At fracture level, 9 screws (10.5%) of the O-arm group and 18 screws (18.2%) of the fluoroscopy group were found to be misplaced. There was no statistical difference between anatomic perforation rates (P=0.138). However, we found that the O-arm group had less grade 2 perforations than the fluoroscopy group (P=0.033). When it comes to functional perforation, no statistical difference was found (2.3% vs. 8.1%, P=0.109) (Table 3).
The rates of facet impingement are shown in Figure 2. More screws violated the facet in the fluoroscopy group than in the O-arm group (8.1% vs. 2.3%, P=0.002). There were 6 grade 1 screws in the O-arm group and 18 grade 1 screws in the fluoroscopy group (P=0.032). Grade 2 screws only appeared in the fluoroscopy group (0% vs. 2.3%, P=0.017). What is more, there was also a lower rate of facet joint violation at fracture level in the O-arm group than in the fluoroscopy group (2.3% vs. 11.1%, P=0.02) (Fig. 2).
Improving the accuracy and safety of pedicle screw insertion remains an arduous task in spinal surgery. Conventional free-hand fluoroscopy-guided pedicle screw implantation was reported to result in a misplacement rate of 5% to 15%.14 As a new technique, O-arm navigation system is gaining popularity. Van de Kelft et al15 declared that the use of the O-arm combined with a navigation system increased the accuracy of pedicle screw placement. They correctly placed 97.5% screws with O-arm navigation. Myuang and colleagues revealed that pedicle screw placement guided by the O-arm and navigation system was more accurate and safer than that under fluoroscopy guidance in thoracic and lumbosacral spines.16 However, a recent study made a different conclusion that the advent of new technologies, such as O-arm, did not alter accuracy of screw placement.17 The variance on the effect of O-arm navigation needs more evidence to draw a conclusion.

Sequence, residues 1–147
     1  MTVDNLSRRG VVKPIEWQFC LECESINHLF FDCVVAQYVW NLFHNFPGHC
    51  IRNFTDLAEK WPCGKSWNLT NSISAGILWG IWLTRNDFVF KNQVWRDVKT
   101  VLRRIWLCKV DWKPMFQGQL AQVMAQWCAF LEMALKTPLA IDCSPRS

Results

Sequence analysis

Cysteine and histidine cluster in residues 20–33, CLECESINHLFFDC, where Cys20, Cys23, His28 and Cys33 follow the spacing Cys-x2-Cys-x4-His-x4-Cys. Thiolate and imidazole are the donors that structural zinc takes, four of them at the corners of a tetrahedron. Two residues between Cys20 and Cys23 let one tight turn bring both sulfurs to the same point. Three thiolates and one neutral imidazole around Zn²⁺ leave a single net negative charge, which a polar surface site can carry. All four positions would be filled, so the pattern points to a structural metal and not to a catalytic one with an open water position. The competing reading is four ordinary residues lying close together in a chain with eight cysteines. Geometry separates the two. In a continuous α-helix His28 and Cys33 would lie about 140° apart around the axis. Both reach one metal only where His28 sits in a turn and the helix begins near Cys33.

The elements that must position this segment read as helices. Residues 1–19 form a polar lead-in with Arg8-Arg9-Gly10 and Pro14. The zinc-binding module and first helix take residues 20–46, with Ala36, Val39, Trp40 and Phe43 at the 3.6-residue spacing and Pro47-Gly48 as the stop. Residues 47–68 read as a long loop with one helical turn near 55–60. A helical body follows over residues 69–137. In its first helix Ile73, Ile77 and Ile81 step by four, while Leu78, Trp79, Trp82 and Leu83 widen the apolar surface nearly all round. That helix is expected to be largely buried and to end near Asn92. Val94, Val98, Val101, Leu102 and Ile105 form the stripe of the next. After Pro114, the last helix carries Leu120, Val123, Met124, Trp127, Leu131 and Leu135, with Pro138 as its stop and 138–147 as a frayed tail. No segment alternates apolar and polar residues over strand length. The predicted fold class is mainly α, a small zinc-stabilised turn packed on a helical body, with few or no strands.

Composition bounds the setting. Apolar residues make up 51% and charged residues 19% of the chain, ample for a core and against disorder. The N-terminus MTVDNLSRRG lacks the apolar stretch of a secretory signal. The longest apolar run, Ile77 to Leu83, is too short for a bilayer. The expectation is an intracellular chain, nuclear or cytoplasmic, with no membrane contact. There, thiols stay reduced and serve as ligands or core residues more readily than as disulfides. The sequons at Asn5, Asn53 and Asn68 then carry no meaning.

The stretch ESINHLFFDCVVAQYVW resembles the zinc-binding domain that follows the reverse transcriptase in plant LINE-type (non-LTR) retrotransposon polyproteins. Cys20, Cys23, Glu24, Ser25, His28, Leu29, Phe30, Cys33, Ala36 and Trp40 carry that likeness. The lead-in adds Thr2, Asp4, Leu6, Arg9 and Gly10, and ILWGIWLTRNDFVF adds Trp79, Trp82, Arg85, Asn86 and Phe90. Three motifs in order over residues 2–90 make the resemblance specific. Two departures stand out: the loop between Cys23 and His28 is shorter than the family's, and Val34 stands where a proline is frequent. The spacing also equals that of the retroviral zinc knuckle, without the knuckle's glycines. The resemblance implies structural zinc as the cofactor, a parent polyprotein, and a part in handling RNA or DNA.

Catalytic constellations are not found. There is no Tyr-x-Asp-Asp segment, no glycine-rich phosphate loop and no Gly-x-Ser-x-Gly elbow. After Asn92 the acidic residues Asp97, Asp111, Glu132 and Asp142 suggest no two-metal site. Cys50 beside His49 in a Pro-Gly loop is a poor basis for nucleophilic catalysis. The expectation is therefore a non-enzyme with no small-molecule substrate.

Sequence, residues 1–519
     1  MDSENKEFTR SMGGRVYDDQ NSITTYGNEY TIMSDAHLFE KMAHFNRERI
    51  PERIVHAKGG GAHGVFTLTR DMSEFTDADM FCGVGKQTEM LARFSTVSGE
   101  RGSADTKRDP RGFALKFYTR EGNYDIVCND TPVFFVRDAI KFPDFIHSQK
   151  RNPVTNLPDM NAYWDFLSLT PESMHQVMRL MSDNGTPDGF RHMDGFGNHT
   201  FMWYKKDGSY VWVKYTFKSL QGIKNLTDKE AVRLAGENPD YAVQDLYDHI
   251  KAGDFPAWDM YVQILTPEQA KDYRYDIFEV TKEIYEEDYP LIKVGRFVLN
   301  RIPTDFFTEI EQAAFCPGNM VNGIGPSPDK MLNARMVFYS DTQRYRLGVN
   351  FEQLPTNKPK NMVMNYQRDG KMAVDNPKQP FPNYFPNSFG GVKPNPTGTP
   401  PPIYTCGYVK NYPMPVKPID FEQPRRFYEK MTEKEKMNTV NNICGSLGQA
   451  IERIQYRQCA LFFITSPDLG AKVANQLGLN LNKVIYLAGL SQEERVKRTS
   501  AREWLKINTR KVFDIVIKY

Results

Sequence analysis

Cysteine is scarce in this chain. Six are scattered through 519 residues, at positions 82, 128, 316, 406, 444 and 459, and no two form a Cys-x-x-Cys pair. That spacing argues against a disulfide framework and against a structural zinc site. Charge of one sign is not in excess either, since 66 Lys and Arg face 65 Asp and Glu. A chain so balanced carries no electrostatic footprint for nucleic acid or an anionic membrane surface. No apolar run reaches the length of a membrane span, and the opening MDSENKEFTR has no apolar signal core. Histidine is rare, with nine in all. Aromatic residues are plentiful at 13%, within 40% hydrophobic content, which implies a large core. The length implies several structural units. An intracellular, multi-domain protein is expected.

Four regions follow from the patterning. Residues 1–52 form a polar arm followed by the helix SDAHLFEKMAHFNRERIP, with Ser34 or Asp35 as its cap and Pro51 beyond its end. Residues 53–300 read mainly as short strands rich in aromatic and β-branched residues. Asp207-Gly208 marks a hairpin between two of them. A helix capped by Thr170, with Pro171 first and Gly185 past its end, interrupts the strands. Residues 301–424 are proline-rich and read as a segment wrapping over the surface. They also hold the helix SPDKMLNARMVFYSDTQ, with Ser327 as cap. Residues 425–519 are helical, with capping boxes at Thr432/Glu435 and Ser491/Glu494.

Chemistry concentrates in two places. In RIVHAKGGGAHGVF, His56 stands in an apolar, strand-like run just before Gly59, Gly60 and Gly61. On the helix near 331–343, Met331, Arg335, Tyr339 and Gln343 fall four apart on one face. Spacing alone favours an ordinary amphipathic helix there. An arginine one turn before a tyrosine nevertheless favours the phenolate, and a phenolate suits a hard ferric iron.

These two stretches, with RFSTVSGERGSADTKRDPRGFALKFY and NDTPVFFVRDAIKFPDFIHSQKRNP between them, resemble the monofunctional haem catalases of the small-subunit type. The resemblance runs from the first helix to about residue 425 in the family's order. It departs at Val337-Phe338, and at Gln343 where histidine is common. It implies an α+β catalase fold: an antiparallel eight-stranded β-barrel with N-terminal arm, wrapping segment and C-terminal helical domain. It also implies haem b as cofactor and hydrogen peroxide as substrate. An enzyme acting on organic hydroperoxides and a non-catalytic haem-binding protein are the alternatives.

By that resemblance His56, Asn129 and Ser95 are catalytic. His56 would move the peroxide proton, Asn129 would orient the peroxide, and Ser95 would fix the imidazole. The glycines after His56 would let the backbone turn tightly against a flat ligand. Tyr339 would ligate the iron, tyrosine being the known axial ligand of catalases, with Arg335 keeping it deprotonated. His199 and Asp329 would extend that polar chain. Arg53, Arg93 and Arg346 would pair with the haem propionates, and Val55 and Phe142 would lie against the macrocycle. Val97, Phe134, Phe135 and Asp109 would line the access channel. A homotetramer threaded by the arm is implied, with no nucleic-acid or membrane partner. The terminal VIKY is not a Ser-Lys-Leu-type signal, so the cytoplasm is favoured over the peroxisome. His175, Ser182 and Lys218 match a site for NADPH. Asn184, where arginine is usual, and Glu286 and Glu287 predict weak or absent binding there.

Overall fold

Our study indicated that anatomic perforation rate and functional perforation rate in the O-arm group were both lower than those in the fluoroscopy group (8.3% vs. 15.0%, P=0.013; 1.1% vs. 4.2%, P=0.024). Houten et al18 reported that percutaneous pedicle screw placement with the O-arm multidimensional intraoperative imaging system could provide improvement in overall accuracy when compared with conventional fluoroscopic techniques. Our study obtained a similar result that O-arm navigation received a lower perforation rate between the 2 groups. It seemed safe for only 3 of the cortical perforations which exceeded 2 mm in the O-arm group while 13 perforations extended between 2 and 4 mm in the fluoroscopy group. Moreover, we detected that O-arm navigation helped more at the thoracic level. Owing to the real-time navigation, placing screws in the narrow thoracic pedicles became easier.
Most studies about pedicle screw placement involved various surgical indications such as degenerative lumbar spondylolysis, spinal stenosis, progressive scoliosis, and tumor.9,10,18–20 In this study, we limited the indications to thoracolumbar fracture in order to figure out a reliable outcome on the accuracy at fracture level. In fractured vertebra, 10.5% of 86 pedicle screws broke the cortex in the O-arm group and 18.2% of 99 pedicle screws broke the cortex in the fluoroscopy group (P=0.138). No statistical differences were found in anatomic perforation and functional perforation. To insert pedicle screws in the fractured vertebrae is harder than in adjacent vertebrae. The instability and rotation of fractured vertebral bodies could make the process difficult to control. Fractured vertebrae could move slightly during insertion to disturb the operator. Using O-arm navigation did not provide superior benefits at the fracture level. Whereas, we noticed that no grade 2 screws appeared in the O-arm group at the fracture level. Manipulating the instrumentation with the help of real-time 3 planes virtual images may still be useful for avoiding serious perforations.